A sword, a sword is sharpened 
and also polished, 
    10     sharpened for slaughter, 
polished to flash like lightning! 12

The sword came to Jerusalem just as Ezekiel had prophesied. It came in 586 B.C. when the Babylonian army destroyed he city and almost all people were killed. There was a small number that were taken captive, but most were killed.

“Oh, but that is the Old Testament. God doesn’t do that anymore.” Only those who do not know their Bible nor history could make such a statement. What happened to Jerusalem in 70 AD, forty years after the new covenant was instituted? The city was destroyed and hundreds of thousands killed in a carnage worse than that of Ezekiel’s day.

The Lord’s own New Testament people (that’s us!) can live in such a way that brings the sword. The sword is just an emblem for the Lord’s hand coming to kill those who refuse to honor him.

27 Whoever, therefore, eats the bread or drinks the cup of the Lord in an unworthy manner will be guilty concerning the body and blood of the Lord. 28 Let a person examine himself, then, and so eat of the bread and drink of the cup. 29 For anyone who eats and drinks without discerning the body eats and drinks judgment on himself. 30 That is why many of you are weak and ill, and some have died.13

Some of the Christians in the church at Corinth had died because they took the Lord’s Table without discernment. God still uses the sword.

This is why we must receive the rod, find comfort in it, and even love it. 

Of course, this does not mean whenever a Christian dies prematurely that they experienced the sword of the Lord. There have been multitudes of godly men and women who have died at a young age or before agedness. There are other reasons for death besides the Lord’s anger against sin. Yet, we must know that, if we resist the Lord’s work in us and pay no heed to his warnings, then the sword may come.

What are we to do with this knowledge? 

How can avoid the sword of the Lord? That is an easy question to answer. We simply accept the rod of the Lord and pursue the way of the Lord, the path of righteousness, rather than our way.

We can also lessen the visitation of the rod. When we were children, we did not want to get the rod. We avoided the rod simply by obeying our parents. Nothing has changed. If we belong to Christ then the Living God is our Father. First, we seek after righteousness and flee those things that are contrary to the Lord’s will.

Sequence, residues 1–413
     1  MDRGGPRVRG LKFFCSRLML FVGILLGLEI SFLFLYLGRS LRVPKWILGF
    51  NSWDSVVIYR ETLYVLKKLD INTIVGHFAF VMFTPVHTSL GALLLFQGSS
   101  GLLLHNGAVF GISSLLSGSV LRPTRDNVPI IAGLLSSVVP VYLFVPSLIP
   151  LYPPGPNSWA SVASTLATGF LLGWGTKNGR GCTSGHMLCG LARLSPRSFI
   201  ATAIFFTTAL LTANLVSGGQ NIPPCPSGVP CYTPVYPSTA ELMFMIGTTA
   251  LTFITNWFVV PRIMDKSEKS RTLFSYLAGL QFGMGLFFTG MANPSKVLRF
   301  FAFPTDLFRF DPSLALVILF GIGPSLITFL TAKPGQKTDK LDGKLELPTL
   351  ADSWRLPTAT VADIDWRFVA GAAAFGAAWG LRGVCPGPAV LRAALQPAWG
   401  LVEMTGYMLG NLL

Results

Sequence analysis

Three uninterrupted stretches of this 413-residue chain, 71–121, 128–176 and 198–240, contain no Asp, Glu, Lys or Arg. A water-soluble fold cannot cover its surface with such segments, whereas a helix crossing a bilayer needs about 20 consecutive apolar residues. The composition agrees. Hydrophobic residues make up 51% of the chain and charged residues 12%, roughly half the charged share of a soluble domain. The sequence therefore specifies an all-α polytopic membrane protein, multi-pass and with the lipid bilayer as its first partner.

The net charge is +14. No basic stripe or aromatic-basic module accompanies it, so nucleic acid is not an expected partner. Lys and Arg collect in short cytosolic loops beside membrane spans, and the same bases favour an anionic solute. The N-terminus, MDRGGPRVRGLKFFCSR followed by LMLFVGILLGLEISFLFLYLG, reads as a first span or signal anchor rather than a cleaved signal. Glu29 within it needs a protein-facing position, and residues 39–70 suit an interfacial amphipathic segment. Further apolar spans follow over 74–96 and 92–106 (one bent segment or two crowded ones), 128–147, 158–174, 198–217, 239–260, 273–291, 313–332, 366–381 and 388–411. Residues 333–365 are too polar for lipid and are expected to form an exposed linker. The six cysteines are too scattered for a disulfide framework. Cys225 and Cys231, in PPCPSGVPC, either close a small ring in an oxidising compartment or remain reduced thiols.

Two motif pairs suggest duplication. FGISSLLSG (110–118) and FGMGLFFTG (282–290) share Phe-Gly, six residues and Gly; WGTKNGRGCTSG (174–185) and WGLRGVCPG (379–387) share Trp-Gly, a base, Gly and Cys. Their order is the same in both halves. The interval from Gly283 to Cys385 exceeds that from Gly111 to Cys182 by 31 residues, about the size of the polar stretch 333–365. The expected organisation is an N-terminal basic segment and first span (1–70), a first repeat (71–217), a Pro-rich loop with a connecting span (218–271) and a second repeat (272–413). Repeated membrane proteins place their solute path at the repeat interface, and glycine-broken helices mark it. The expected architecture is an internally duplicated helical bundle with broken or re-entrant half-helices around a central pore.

Second, when adversity comes it may be the rod of the Lord coming to us. When adversity comes we should examine ourselves.

Let a person examine himself, then, and so eat of the bread and drink of the cup. 29 For anyone who eats and drinks without discerning the body eats and drinks judgment on himself. 30 That is why many of you are weak and ill, and some have died. 31 But if we judged ourselves truly, we would not be judged.14

Paul is writing here about the Lord’s Table. The “examination” to which he refers includes discerning the body represented by the Table. But it more than this. It also includes examining our life before the Lord. Are there sins in my life? We consider them and then confess them, turning away from them with resolve. This is evident by verse 31: We will be judged by the Lord if we do not judge ourselves. The judgment of the Lord is his discipline in this life. Thus, the judgment of ourselves must be the same kind of judgment.] because the two words for “judge” are used in the same sentence.

We must discipline ourselves regarding sin! 

When adversity comes we must examine our lives and consider if there is something that we do or think that is sinful. It may be that we have ignored it before or maybe we were even oblivious to it. The rod is getting our attention!

If we identify the area of our live that is wayward and turn back to the Lord, then the rod is taken away. If we judge ourselves then we will not be judged! 

Brothers and sisters, there is a rod and there is a sword. Love one and run from the other.







1 The Holy Bible: English Standard Version. (2016). (1 Co 10:6). Wheaton, IL: Crossway Bibles.
2 The Holy Bible: English Standard Version. (2016). (Nu 23:19). Wheaton, IL: Crossway Bibles.
3 The Holy Bible: English Standard Version. (2016). (Heb 13:8). Wheaton, IL: Crossway Bibles.
4 The Holy Bible: English Standard Version. (2016). (Heb 10:32–33). Wheaton, IL: Crossway Bibles.
5 The Holy Bible: English Standard Version. (2016). (Heb 10:38). Wheaton, IL: Crossway Bibles.
6 The Holy Bible: English Standard Version. (2016). (Heb 10:39). Wheaton, IL: Crossway Bibles.
7 The Holy Bible: English Standard Version. (2016). (Heb 10:36). Wheaton, IL: Crossway Bibles.
8 The Holy Bible: English Standard Version. (2016). (Heb 12:1). Wheaton, IL: Crossway Bibles.
9 The Holy Bible: English Standard Version. (2016). (Heb 12:5–6). Wheaton, IL: Crossway Bibles.
10 The Holy Bible: English Standard Version. (2016). (Ps 23:4). Wheaton, IL: Crossway Bibles.
11 The Holy Bible: English Standard Version. (2016). (Eze 21:10). Wheaton, IL: Crossway Bibles.
12 The Holy Bible: English Standard Version. (2016). (Eze 21:9–10). Wheaton, IL: Crossway Bibles.
13 The Holy Bible: English Standard Version. (2016). (1 Co 11:27–30). Wheaton, IL: Crossway Bibles.
14 The Holy Bible: English Standard Version. (2016). (1 Co 11:28–31). Wheaton, IL: Crossway Bibles.